National Hadassah president Carol Ann Schwartz visits the site of the October 7, 2023 Hamas massacre at the Supernova music festival site, January 2024. (Avi Hayun)
National Hadassah president Carol Ann Schwartz visits the site of the October 7, 2023 Hamas massacre at the Supernova music festival site, January 2024. (Avi Hayun)

New Hadassah Org. president makes Israeli solidarity trip her first act in office

Carol Ann Schwartz says priorities for her term are Zionist education, fighting antisemitism, seeking justice for women raped by Hamas and addressing Israel’s needs during the war

Renee Ghert-Zand is the health reporter and a feature writer for The Times of Israel.

National Hadassah president Carol Ann Schwartz visits the site of the October 7, 2023 Hamas massacre at the Supernova music festival site, January 2024. (Avi Hayun)

Carol Ann Schwartz assumed the role of new national president of  Hadassah Zionist Women’s Organization of America on January 1, less than three months after the worst single day in Israeli history. By January 6, she was already in the country leading a weeklong Hadassah solidarity mission of Hadassah’s past presidents and more than 50 of the organization’s members and supporters from eight countries.

Schwartz and two other Hadassah leaders delivered a petition to the International Committee of the Red Cross (ICRC) demanding that the humanitarian organization reach and aid the hostages.

The entire group went to kibbutzim and the site of the Supernova music festival to bear witness to the atrocities committed by Hamas on October 7. In Tel Aviv, the women spoke with and hugged hostages’ families and friends at Hostages Square.

“What we saw was horrific and challenging. But it makes me stronger in my convictions and feel stronger about what we do as an organization and what we accomplish in Israel,” said Schwartz.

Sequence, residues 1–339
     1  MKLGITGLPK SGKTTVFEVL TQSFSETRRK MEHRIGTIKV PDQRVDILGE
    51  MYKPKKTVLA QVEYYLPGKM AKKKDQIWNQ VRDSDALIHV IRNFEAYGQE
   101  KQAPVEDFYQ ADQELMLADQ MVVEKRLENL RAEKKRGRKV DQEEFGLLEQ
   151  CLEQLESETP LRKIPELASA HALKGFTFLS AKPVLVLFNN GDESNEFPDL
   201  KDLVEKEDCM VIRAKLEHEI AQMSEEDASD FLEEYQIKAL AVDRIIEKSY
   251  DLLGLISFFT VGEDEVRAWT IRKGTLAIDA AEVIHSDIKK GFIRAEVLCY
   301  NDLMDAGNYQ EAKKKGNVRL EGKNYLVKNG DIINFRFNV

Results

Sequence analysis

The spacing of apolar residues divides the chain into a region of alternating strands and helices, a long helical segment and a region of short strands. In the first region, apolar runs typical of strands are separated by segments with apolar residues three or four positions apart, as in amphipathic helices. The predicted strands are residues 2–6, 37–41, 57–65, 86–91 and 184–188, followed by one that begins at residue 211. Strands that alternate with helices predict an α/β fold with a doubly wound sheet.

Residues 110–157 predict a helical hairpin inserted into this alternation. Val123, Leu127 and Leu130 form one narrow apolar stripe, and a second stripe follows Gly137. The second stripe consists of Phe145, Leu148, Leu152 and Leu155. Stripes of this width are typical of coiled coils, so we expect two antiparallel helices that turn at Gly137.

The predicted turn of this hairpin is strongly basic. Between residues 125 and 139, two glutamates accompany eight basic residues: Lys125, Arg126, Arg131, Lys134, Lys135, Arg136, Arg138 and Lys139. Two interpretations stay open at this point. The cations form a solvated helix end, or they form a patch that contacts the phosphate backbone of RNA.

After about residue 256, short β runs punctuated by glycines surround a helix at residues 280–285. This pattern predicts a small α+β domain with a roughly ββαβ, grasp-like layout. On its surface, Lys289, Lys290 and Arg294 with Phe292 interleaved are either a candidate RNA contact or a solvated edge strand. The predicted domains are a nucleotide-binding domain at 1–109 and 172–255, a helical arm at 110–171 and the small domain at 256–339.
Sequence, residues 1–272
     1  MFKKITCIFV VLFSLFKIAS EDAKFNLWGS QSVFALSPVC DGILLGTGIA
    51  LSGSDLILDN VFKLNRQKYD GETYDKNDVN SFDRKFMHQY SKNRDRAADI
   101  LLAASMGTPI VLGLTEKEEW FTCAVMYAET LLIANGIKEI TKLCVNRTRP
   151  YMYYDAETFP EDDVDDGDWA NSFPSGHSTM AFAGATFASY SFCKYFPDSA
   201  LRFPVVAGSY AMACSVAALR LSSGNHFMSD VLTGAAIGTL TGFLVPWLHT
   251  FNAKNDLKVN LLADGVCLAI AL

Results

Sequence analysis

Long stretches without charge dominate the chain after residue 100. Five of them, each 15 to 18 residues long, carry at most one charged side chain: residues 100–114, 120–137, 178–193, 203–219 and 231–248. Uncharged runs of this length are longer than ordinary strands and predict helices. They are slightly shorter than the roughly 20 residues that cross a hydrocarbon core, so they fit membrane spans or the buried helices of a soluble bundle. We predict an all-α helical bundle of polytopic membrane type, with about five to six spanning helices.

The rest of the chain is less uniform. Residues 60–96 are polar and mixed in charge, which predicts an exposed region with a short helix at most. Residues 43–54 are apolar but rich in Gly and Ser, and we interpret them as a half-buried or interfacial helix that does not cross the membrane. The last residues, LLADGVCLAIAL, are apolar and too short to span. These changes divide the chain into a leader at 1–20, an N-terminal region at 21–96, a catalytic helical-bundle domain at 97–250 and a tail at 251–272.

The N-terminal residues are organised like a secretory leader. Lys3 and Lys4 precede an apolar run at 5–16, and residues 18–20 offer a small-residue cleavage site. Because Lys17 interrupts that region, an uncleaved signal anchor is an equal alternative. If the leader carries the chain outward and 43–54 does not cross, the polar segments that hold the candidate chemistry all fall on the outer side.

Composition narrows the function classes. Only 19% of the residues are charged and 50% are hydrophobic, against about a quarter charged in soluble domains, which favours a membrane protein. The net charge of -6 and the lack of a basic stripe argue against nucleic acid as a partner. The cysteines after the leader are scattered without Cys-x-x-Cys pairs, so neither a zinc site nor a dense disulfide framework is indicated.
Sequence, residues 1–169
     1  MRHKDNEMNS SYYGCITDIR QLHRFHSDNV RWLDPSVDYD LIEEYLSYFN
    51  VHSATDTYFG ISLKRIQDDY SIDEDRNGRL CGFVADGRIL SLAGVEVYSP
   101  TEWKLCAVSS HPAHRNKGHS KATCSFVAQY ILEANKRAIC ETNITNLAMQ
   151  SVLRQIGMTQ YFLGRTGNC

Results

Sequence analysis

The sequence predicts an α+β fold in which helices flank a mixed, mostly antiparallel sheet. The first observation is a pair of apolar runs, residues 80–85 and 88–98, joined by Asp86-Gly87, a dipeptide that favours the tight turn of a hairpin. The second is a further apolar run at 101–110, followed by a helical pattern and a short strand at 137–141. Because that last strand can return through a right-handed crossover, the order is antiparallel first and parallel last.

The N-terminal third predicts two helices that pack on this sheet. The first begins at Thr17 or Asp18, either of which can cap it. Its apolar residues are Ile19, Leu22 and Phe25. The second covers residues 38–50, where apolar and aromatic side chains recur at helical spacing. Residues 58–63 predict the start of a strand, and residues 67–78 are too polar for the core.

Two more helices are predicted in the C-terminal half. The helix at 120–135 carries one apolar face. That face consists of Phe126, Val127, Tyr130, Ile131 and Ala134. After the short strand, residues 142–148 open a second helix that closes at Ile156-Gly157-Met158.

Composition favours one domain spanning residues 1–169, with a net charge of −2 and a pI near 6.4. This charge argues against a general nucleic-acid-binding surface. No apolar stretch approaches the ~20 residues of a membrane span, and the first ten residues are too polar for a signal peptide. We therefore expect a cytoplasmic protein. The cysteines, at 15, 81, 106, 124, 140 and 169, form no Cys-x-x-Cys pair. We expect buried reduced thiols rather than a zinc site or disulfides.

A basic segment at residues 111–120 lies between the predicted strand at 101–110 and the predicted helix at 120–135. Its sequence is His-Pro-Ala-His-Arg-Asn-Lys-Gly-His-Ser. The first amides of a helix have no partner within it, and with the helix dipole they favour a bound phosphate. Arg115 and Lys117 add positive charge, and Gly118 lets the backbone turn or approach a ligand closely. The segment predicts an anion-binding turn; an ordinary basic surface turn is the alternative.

The women’s packed itinerary also included a meeting with President Isaac Herzog and visits to Hadassah’s hospitals and youth villages.

“There is nothing more important that I could have done as my first act as president than leading this mission. I grew up in a family that taught me to stand up, speak out and show up. People are nervous to travel to Israel now, but I knew I had to be the first in line to show that nothing will stop us and we will continue to do what we do,” said Schwartz, a businesswoman from Cincinnati.

National Hadassah president Carol Ann Schwartz hugs Alon Lev, a member of Kibbutz Nahal Oz in January 2024 at Hostages Square in Tel Aviv. Lev’s friend Carmel Gat has been held hostage in Gaza since October 7, 2023. (Avi Hayun)

The following conversation between The Times of Israel and Schwartz occurred shortly after the solidarity mission ended. It was edited for brevity and clarity.

I understand you are from a four-generation Hadassah family. What was your Zionist upbringing like?

I grew up in a Zionist home. It was in everything we did and I didn’t even think about it. There was this huge pencil sketch of [Zionist founder Theodor] Herzl in our family room above the couch and I thought everyone should have that picture in their family. It was normal. My mom had a little box that when you pulled the string it played [the Israeli anthem] “Hatikva.” We went to Israel, and we supported it.

I remember being in synagogue as a child and hearing that the Yom Kippur War had broken out. The next day, my father sat at the kitchen table with our synagogue’s Israeli cantor and other friends. My father asked the cantor what Israel needed from us. It was a litany of things, not only cash… I watched this all occurring and then and there I decided I wanted to [grow up and] be at that table making a difference.